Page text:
I consciously wanted to maintain the rom-com component of this. I think it's central to the film. And I didn't feel that you could successfully adapt Mystic Pizza for the stage without having summer romance as part of what these stories are. That said, I think what is hinted at in the film, but is now more in focus in the stage play, is the ambition of these three girls beyond their relationships with men. Female friendship and empowering other women is certainly a focus. But even more than that is — what else did these three women want other than love? Which isn't to say that wanting love is bad or that wanting love isn't worth telling a story about. I think it is. But I also think it's important to show that you can want love and pursue love and also want other things in your life. All three of these women have really clear wishes beyond love, which happen simultaneously with the pursuit of love. So I think that was the fine line to toe in this.
When you were doing your first Mystic Pizza rewatch, what was a moment in the movie that made you confident that this property was suited for a musical?
There were a lot of moments, actually. But the one that stands out when you ask that question is where the character of Daisy mistakenly thinks that her boyfriend Charlie has lied to her and cheated on her when really he's just at a country club dancing with his sister. In the film, she dumps a pick-up truck worth of smelly fish into his Porsche. It's one of those classic moments from the film. That felt to me like the kind of heightened energy that is worthy of a musical, so we've done that through song in our show. When that happens in our show, her fury takes her to a Melissa Etheridge whaling song. I think it does the dump-of-the-fish-truck justice, which obviously we couldn't do onstage.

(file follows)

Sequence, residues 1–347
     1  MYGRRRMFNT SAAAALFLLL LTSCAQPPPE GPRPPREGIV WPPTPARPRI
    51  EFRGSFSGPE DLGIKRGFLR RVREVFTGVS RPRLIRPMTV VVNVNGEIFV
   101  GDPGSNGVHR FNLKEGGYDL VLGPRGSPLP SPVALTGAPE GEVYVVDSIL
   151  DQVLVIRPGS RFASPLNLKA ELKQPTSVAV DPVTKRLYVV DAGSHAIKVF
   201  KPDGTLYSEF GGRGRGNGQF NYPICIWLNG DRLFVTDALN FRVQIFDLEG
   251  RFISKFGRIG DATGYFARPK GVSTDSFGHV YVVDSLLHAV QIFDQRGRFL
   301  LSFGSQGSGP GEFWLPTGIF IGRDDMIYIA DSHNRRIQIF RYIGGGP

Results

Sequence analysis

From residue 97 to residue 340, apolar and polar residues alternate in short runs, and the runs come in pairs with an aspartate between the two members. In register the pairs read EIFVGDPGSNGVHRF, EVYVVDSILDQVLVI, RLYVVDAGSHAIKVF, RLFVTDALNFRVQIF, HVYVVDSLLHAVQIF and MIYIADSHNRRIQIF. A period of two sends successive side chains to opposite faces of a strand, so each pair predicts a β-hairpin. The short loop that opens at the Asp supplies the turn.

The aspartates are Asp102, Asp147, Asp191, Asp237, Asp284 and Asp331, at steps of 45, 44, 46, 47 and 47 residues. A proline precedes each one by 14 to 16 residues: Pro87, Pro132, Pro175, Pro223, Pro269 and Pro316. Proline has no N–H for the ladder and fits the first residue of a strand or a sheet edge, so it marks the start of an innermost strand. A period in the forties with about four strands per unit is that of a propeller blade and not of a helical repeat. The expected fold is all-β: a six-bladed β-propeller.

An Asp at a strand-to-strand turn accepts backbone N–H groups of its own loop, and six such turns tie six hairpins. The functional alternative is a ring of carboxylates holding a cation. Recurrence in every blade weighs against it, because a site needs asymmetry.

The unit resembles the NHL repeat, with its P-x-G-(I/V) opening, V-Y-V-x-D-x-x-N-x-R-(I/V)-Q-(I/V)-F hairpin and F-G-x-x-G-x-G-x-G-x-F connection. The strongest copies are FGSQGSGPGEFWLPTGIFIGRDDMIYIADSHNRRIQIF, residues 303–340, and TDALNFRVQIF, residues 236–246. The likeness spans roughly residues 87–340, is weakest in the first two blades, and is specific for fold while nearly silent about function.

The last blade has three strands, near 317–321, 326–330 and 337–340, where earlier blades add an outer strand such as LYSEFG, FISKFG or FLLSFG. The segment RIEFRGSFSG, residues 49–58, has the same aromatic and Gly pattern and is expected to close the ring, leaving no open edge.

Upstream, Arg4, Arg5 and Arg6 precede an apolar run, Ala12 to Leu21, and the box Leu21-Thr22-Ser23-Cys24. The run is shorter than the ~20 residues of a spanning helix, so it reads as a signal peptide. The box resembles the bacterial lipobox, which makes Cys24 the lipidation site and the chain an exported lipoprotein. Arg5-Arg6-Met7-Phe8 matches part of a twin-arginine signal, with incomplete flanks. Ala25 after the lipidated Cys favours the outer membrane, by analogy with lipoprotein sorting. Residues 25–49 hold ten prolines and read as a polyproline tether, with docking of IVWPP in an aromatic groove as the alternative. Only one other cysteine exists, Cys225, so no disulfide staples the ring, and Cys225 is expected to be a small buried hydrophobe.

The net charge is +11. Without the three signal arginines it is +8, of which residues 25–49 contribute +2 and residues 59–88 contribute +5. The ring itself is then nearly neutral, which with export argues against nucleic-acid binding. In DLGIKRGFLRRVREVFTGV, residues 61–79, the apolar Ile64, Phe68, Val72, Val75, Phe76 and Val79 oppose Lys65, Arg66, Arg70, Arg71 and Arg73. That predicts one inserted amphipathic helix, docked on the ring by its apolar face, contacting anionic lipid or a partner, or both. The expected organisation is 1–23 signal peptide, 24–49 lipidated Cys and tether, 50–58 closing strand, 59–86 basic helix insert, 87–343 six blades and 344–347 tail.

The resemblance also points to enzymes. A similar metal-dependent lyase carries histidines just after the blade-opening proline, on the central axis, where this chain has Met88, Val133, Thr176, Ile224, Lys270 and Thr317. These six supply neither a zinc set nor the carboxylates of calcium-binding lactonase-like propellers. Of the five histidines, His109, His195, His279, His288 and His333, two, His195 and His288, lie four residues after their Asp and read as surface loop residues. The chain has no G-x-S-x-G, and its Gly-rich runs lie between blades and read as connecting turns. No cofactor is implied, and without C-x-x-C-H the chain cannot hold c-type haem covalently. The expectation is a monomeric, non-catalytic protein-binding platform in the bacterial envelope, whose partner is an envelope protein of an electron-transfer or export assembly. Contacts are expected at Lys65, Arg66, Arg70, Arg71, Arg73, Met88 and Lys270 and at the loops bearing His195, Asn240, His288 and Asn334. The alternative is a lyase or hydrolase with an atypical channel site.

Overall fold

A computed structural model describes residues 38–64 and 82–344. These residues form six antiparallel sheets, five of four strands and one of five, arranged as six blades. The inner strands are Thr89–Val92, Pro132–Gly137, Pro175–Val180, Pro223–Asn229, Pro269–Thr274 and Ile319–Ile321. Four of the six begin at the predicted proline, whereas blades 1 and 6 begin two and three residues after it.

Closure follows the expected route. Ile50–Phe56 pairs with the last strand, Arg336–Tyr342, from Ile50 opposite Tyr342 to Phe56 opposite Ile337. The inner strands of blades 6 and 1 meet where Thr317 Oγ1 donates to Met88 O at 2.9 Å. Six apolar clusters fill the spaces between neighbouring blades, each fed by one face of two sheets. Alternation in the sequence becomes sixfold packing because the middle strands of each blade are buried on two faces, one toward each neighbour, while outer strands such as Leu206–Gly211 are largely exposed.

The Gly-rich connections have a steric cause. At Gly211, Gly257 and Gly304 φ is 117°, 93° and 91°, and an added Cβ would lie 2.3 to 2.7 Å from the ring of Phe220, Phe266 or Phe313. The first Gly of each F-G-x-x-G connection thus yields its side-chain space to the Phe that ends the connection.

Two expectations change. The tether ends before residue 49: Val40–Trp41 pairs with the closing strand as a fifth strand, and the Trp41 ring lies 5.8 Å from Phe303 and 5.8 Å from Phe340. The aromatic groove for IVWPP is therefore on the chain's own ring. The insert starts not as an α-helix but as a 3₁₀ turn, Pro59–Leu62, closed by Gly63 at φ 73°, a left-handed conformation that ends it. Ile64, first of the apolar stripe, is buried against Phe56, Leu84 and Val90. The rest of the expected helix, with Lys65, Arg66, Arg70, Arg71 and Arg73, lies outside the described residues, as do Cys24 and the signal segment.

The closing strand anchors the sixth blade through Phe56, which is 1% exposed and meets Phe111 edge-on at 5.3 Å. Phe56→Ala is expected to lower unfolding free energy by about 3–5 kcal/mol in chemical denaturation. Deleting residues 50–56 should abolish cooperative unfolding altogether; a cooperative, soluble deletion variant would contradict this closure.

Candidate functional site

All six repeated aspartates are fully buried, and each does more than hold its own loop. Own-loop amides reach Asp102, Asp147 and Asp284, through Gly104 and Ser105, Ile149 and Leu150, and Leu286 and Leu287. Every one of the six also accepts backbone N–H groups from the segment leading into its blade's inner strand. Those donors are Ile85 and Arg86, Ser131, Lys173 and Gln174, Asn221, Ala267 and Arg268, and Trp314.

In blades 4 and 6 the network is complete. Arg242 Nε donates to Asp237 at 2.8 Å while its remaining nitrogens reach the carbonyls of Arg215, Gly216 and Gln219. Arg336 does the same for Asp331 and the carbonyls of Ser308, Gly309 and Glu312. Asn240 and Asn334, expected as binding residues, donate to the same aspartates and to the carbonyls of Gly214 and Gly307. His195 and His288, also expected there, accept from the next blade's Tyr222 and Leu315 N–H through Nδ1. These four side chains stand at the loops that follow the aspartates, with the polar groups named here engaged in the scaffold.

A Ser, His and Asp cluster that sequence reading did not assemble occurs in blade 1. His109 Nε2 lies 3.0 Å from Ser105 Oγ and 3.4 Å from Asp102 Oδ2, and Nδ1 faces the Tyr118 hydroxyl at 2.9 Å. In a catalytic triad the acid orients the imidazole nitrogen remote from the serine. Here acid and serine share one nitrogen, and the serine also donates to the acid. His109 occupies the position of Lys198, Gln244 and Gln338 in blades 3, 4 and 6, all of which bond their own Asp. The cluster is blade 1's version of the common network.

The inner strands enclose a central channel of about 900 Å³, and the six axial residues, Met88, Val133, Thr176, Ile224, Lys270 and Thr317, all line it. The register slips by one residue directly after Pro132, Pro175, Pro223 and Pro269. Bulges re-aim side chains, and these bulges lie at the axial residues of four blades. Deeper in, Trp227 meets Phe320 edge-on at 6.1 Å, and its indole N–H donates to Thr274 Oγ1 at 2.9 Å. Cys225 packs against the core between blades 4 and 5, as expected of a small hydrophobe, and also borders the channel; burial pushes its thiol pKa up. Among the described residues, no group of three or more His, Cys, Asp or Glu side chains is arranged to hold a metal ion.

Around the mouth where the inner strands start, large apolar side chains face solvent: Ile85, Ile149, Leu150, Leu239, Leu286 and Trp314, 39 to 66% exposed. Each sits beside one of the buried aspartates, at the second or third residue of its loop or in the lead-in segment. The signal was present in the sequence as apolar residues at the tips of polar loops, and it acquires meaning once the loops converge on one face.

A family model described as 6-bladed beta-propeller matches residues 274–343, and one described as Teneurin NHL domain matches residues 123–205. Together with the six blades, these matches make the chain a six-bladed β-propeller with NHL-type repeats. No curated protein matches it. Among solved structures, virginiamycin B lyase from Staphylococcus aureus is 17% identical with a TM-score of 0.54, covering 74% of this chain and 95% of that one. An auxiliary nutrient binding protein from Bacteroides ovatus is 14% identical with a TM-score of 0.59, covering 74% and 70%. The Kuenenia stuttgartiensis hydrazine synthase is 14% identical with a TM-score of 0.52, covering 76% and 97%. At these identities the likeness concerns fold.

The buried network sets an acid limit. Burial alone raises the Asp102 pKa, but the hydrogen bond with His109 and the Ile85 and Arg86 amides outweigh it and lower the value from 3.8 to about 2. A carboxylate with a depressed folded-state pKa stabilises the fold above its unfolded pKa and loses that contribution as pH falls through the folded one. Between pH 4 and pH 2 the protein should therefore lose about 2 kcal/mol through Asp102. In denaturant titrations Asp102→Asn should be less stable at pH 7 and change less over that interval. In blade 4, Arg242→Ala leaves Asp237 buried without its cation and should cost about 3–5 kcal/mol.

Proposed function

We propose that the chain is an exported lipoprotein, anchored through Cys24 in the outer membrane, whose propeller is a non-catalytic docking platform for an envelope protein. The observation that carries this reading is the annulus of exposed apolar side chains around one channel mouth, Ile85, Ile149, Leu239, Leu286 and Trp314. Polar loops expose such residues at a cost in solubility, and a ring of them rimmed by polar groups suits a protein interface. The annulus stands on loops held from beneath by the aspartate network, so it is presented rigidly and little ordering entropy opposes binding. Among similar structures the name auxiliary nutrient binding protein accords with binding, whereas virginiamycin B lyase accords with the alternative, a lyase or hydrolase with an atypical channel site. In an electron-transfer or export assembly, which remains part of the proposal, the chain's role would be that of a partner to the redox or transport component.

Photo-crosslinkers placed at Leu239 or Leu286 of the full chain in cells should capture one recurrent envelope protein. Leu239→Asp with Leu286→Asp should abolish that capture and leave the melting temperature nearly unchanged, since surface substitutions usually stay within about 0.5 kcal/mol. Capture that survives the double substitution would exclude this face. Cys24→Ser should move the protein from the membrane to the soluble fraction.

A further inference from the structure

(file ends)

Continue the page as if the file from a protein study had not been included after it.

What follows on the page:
I think it's important to note that Mystic Pizza has an all-female creative team – which is wonderful on an industry level but complicated to celebrate without implying that it's some kind of gimmick or anomalous phenomenon. How do those moving pieces sort themselves out in your own mind?
Here's what I'll say. When Casey and I are given the opportunity to build out a creative team, our first goal is to always find the very best people for the job. That is really our guiding principle. While we're doing that, we're simultaneously looking at, Are there women that answer that question? And we have been really fortunate to say, "Yeah. She is the best for this job." So that's what I rub up against. It's like, yeah, it is an all-female creative team. Not because we went out to seek women, but because these women were the best for the job. I do think for Mystic Pizza, the focus is on three strong ambitious women, and so to fill the room with people who exude that same energy did feel important to us. But also we got kick-ass ladies to do the job.